Indian Journal of Anaesthesia

: 2018  |  Volume : 62  |  Issue : 1  |  Page : 87-

Comment on 'Sustained intraoperative bradycardia revealing Sengers syndrome'

Sohan Lal Solanki, Swapnil Y Parab 
 Department of Anesthesiology, Critical Care and Pain, Tata Memorial Centre, Homi Bhabha National Institute, Mumbai, Maharashtra, India

Correspondence Address:
Dr. Sohan Lal Solanki
Department of Anesthesiology, Critical Care and Pain, 2nd Floor, Main Building, Tata Memorial Centre, Mumbai - 400 012, Maharashtra

How to cite this article:
Solanki SL, Parab SY. Comment on 'Sustained intraoperative bradycardia revealing Sengers syndrome'.Indian J Anaesth 2018;62:87-87

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Solanki SL, Parab SY. Comment on 'Sustained intraoperative bradycardia revealing Sengers syndrome'. Indian J Anaesth [serial online] 2018 [cited 2020 Jul 10 ];62:87-87
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We read with interest the article 'Sustained intraoperative bradycardia revealing Sengers syndrome' by Zarrouk et al.[1] We have some queries regarding anaesthetic management of this case. First, the cumulative dose of propofol used for a 6 kg infant was very high (total 48 mg propofol was used, which is 8 mg/kg). The persistent bradycardia, decreased cardiac contractility and decreased cardiac output (EtCO2 of 8 mmHg) could be likely outcomes with the usage of such high doses of propofol. The dose of atropine given is also not mentioned before labelling it as atropine-resistant bradycardia. Atropine used in small doses can itself lead to bradycardia. Second, the authors mention that intubation was attempted after induction of anaesthesia with sevoflurane and 3 mg/kg of propofol. Application of noxious stimulus such as laryngoscopy and intubation in these situations can lead to the occurrence of laryngospasm. We suggest the use of muscle relaxant such as succinylcholine or atracurium would have facilitated smooth anaesthesia induction and intubation. Incomplete laryngospasm that occurred, in this case, should have been treated with positive pressure ventilation, a low dose of propofol and use of succinylcholine in low doses such as 0.1 mg/kg. Lactic acidosis that occurred, in this case, could also be because of hypoperfusive state and use of adrenaline at the time of resuscitation. It would have been interesting to know how soon the lactic acidosis cleared in this case.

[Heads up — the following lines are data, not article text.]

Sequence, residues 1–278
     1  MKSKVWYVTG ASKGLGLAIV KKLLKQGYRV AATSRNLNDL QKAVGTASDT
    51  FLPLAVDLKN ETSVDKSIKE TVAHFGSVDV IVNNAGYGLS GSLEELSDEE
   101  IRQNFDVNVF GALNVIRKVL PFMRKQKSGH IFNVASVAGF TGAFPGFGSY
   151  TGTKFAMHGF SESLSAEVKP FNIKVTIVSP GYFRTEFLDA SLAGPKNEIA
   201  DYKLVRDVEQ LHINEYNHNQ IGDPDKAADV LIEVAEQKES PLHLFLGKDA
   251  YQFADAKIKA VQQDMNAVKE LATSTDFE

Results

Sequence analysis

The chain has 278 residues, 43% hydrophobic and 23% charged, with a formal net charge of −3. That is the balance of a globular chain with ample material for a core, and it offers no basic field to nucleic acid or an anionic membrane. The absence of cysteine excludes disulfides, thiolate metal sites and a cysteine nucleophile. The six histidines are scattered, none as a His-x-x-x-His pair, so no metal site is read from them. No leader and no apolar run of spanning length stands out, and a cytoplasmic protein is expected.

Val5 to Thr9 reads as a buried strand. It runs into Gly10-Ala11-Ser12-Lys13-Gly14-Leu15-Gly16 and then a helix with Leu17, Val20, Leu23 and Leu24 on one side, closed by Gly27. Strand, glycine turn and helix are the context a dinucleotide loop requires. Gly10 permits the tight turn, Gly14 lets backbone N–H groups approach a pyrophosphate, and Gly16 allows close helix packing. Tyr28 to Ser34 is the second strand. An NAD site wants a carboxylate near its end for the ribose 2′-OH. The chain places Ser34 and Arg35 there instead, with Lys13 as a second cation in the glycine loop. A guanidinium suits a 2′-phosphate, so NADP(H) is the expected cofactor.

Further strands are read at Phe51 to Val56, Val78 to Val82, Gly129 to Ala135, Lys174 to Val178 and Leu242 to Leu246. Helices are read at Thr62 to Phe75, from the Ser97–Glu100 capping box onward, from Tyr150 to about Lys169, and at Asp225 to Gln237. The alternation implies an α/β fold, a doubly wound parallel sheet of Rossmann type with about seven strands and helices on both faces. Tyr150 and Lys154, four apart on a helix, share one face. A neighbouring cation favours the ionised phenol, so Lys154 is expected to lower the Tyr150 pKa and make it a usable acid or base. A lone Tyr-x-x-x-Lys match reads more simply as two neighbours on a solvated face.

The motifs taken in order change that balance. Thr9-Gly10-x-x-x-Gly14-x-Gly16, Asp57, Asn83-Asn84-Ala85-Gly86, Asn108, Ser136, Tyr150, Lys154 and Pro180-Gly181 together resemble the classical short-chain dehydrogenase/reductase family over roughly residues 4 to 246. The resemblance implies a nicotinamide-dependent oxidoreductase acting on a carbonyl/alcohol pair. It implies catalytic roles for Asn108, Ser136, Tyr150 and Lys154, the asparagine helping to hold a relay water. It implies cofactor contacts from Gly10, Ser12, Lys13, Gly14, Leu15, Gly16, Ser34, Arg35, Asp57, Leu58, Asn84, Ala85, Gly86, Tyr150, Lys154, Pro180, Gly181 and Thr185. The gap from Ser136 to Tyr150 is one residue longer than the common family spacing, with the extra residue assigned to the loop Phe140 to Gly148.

Further, the authors labelled this case as Sengers syndrome, which is a combination of congenital cataract, hypertrophic cardiomyopathy and lactic acidosis. However, it has not been supported by a skeletal muscle biopsy or genetic testing which are diagnostic modalities for Sengers syndrome.[2] While we may agree with authors that this was a case of Sengers syndrome, the sequence of events could also be explained as fallouts of anaesthesia management.

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1Zarrouki Y, Elouardi Y, Ziadi A, Samkaoui AM. Sustained intraoperative bradycardia revealing Sengers syndrome. Indian J Anaesth 2017;61:937-9.
2Haghighi A, Haack TB, Atiq M, Mottaghi H, Haghighi-Kakhki H, Bashir RA, et al. Sengers syndrome: Six novel AGK mutations in seven new families and review of the phenotypic and mutational spectrum of 29 patients. Orphanet J Rare Dis 2014;9:119.